Paul Song stood along the edge of the track, watching his young son Luca run cone drills with Keiser. Song is a rarity among Chinese fans in that he’s been following football since 1987. “There was a sports program on CCTV [the state-run TV network],” he explained to me in Mandarin, and they would occasionally show clips of American football games. “I liked watching. There was something interesting about it. I didn’t think it was violent. I like things with rules and strategies. It was like watching war.” Song was in high school at the time. It would be years before he met another person who watched those CCTV segments. “None of my friends liked it.”
In 2007 the NFL scheduled a preseason game between the Patriots and the Seahawks in Beijing. The China Bowl, as it was called, never happened. The league explained that it wanted to focus its international efforts on Europe, though local fans speculate that simply not enough tickets were sold to make the China Bowl worth their while. Song believes that a more solid fan base has emerged in just the past couple years. Nowadays, you can watch as much football as you want on the Internet, and that’s made it more readily accessible to people like his son. “He likes Tom Brady because he’s handsome,” Song laughed. As soon as there was a lull in our conversation, Song dashed off across the field to take pictures of his son and his friends.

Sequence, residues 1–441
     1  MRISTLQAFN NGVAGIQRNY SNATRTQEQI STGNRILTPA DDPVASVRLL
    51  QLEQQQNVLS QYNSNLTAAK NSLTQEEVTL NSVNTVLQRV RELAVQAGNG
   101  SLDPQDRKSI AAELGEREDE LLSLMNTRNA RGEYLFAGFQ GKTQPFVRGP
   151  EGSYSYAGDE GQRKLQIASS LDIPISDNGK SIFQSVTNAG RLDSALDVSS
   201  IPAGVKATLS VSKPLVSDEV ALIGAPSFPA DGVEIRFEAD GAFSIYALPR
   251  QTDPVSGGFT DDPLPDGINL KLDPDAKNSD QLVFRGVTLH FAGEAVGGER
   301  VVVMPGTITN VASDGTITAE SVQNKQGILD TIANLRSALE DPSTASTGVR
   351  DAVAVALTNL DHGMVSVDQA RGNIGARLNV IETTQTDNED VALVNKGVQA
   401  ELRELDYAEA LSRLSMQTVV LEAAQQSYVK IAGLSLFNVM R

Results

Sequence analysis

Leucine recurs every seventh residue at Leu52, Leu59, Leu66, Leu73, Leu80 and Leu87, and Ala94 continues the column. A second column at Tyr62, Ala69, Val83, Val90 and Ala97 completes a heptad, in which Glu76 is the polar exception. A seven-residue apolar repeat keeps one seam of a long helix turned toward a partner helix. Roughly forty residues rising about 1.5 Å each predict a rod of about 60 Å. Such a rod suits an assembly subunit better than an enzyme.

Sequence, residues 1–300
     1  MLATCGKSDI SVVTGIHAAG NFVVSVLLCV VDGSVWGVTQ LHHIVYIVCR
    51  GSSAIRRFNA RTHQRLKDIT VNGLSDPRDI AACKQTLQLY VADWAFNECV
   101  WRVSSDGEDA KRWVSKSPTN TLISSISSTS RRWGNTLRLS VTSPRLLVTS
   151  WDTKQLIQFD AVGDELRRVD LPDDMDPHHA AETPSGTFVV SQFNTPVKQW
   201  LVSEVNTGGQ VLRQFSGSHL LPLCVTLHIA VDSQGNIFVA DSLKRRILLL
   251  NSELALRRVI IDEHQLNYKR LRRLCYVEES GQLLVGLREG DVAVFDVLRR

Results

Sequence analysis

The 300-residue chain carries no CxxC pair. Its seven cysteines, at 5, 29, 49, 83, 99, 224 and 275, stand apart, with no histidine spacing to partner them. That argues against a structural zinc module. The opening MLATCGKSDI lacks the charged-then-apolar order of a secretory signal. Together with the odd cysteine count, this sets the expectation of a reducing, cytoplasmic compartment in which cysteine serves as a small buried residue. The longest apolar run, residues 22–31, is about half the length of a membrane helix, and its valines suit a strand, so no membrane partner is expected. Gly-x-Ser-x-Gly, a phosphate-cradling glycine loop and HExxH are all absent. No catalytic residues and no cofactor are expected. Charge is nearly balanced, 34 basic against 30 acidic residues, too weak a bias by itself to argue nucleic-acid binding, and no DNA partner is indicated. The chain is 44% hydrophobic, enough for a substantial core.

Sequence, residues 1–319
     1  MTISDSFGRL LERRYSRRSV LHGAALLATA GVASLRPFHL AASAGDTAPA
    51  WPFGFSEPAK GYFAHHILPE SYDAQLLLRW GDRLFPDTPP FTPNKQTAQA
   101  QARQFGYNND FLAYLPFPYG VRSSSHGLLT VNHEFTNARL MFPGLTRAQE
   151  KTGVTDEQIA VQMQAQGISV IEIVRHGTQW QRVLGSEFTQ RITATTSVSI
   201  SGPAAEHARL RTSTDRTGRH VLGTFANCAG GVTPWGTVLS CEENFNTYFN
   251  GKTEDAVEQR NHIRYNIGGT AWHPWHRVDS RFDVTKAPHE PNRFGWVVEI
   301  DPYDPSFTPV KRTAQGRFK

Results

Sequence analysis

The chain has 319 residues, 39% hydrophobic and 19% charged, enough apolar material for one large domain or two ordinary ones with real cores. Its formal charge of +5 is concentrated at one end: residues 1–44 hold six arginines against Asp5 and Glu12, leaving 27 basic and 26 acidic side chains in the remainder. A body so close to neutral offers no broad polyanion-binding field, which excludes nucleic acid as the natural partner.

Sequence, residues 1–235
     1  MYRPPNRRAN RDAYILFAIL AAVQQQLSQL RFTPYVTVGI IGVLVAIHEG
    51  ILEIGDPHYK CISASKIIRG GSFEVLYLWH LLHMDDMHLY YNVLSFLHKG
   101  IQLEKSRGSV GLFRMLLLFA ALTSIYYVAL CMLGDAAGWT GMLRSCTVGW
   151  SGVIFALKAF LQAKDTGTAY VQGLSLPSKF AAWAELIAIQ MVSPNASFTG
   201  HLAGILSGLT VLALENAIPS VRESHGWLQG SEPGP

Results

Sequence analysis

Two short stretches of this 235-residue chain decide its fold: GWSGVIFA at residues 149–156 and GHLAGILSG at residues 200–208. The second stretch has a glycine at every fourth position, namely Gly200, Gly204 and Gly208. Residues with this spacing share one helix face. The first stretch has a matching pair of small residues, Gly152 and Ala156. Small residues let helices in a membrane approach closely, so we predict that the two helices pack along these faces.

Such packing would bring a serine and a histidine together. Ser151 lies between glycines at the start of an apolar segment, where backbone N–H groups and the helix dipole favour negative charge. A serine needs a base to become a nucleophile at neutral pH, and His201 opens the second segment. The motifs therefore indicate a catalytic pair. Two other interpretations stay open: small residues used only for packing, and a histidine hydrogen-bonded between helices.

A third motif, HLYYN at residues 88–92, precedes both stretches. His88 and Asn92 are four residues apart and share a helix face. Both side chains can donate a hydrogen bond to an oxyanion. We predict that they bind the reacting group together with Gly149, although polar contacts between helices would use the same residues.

When Richard Young, managing director of the NFL’s China operations, talks about the sport’s future here, he recalls a conversation he had 20 years ago when he was studying Chinese in Beijing. Circa 1990, there were not many places to get an exemplary cup of coffee in China. He went out to a local café one day with a Chinese classmate who had never tasted coffee before. “He choked down this black liquid,” Young recalled, “and he made this face and I think it upset his stomach. It probably made him gassy. On the way out, he said, ‘Richard, thank you. But I’ll tell you something. The Chinese will never like coffee.’
“The Chinese words he used were almost like we’re physiologically different we don’t like that our taste buds are different.”
Young was bemused and slightly horrified by the ease with which his friend spoke on behalf of the entire country. This kind of rampant overgeneralization is something that often happens when you’re on the outside looking in — there’s no shortage of business strategy manuals breaking down exactly how the Chinese “are.” But Young believes that this notion of cultural difference is also something that’s self-perpetuated, an excuse to never change, maybe even a convenient mystery within which to shroud yourself.